Chronic Pain

Chronic pain is often defined as any pain lasting more than 12 weeks. Whereas acute pain is a normal sensation that alerts us to possible injury, chronic pain is very different. Chronic pain persists—often for months or even longer.

Chronic pain may arise from an initial injury, such as a back sprain, or there may be an ongoing cause, such as illness. However, there may also be no clear cause. Other health problems, such as fatigue, sleep disturbance, decreased appetite, and mood changes, often accompany chronic pain. Chronic pain may limit a person’s movements, which can reduce flexibility, strength, and stamina. This difficulty in carrying out important and enjoyable activities can lead to disability and despair.

- NIH Medicine Plus

Tai Chi can help build strength, relieve pain

Posted in Chronic Pain

(Reuters Health) - For people with chronic illnesses ranging from cancer to arthritis, Tai chi exercises may improve walking, build strength and reduce pain, according to a new analysis of past research.

The slow and gentle movements of Tai chi, a modified form of an ancient Chinese martial art, may be especially suitable for middle aged and older people with multiple health conditions, the authors write in the British Journal of Sports Medicine.

Better sleep and tai chi reduce inflammation and promote health

Posted in Chronic Pain

Science Daily, 5th Nov 2015

Inflammatory processes occur throughout the body, with a primary function of promoting healing after injury. However, when too active, these inflammatory processes can also damage the body in many ways, and may contribute to heart disease, stroke, certain cancers, and other significant medical problems.

Stress, including sleep disturbance, is a major contributor to inflammation in the body. Insomnia, one of the most common sleep disorders, is associated with increased risk for depression, medical comorbidities, and mortality.

Mechanism of Pain Relief through Tai Chi and Qigong

Posted in Chronic Pain

NHS Networks - Rhoads CJ, Associate Professor, Department of Business Administration, Kutztown University, USA

The purpose of this paper is to outline the academic and medical evidence for Tai Chi and Qigong impact on pain, and describe the hypothesized mechanism that enables Tai chi and Qigong to work so well at relieving pain - often better than opioid pain medication, and with fewer side effects. This paper also describes a paradigm for research which will increase the likelihood that researchers doing projects in this field can synergize their efforts and start building a foundational body of knowledge rather than continue to do independent and disconnected studies on the phenomenon that enables Tai Chi and Qigong to work.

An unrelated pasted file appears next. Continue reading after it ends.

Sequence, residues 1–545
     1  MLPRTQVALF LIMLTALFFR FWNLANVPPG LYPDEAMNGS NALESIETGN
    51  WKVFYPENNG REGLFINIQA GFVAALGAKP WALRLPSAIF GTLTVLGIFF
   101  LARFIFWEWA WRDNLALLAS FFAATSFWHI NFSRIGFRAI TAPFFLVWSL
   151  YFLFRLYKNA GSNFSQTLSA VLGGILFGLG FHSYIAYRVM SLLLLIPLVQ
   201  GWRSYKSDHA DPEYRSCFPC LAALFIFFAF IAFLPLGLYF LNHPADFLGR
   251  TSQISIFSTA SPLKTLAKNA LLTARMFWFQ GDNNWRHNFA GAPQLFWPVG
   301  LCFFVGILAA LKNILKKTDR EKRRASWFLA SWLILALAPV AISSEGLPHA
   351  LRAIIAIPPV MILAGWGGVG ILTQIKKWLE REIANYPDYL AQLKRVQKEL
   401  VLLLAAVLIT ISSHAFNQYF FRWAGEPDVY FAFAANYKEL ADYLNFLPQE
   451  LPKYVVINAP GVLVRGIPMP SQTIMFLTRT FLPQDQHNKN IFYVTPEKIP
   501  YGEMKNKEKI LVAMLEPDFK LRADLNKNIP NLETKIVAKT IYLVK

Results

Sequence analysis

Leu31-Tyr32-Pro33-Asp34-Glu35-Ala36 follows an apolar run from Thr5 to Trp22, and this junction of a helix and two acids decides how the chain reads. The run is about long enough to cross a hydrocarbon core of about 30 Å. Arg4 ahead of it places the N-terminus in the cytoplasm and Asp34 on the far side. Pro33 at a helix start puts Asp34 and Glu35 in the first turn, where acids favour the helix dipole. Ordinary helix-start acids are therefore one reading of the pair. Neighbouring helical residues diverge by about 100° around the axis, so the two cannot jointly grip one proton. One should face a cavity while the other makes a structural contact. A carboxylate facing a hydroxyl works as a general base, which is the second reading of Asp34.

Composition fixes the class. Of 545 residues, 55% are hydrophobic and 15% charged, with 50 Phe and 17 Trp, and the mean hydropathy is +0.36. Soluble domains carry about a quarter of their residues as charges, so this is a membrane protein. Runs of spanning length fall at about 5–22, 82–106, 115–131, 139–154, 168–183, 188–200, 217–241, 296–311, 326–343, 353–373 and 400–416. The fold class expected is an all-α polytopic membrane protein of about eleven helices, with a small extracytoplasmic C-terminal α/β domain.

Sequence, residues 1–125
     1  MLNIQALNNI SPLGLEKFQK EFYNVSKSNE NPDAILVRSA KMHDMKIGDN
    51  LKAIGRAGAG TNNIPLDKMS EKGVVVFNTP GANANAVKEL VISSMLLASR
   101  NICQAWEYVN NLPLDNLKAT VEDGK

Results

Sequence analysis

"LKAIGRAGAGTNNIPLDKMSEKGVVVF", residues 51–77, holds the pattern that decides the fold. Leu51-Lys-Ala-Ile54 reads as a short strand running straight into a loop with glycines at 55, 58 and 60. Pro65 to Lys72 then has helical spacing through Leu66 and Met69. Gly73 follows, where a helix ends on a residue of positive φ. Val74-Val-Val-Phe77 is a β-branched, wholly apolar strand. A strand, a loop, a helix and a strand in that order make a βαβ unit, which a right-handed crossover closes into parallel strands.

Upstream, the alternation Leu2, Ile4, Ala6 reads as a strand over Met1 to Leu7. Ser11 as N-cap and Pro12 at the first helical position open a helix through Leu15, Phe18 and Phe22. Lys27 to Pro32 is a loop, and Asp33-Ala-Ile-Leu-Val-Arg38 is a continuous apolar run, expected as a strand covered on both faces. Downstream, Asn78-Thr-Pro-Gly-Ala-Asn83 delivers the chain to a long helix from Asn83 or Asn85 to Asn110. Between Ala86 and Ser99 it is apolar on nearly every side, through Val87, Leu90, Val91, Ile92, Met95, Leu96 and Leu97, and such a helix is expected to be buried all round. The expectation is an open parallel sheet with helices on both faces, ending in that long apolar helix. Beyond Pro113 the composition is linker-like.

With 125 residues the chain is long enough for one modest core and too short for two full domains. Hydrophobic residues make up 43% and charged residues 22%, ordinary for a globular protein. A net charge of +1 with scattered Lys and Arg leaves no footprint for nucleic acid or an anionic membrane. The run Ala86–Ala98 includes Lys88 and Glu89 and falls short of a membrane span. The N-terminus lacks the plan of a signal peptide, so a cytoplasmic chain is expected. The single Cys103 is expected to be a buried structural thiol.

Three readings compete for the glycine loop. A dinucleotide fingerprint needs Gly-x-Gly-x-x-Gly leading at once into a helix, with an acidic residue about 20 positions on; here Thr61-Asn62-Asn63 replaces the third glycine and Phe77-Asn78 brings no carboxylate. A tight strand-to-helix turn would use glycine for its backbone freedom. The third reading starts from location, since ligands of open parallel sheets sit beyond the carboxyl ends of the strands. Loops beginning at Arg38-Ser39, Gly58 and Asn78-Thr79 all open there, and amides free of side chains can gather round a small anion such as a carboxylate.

Mind–Body interventions for chronic pain in older adults: a structured review

Posted in Chronic Pain

Natalia E. Morone MD, MSc1,* andCarol M. Greco PhD

ABSTRACT

Study Design.  We conducted a structured review of eight mind–body interventions for older adults with chronic nonmalignant pain.

Objectives.  To evaluate the feasibility, safety, and evidence for pain reduction in older adults with chronic nonmalignant pain in the following mind–body therapies: biofeedback, progressive muscle relaxation, meditation, guided imagery, hypnosis, tai chi, qi gong, and yoga.

Methods.  Relevant studies in the MEDLINE, PsycINFO, AMED, and CINAHL databases were located. A manual search of references from retrieved articles was also conducted. Of 381 articles retrieved through search strategies, 20 trials that included older adults with chronic pain were reviewed.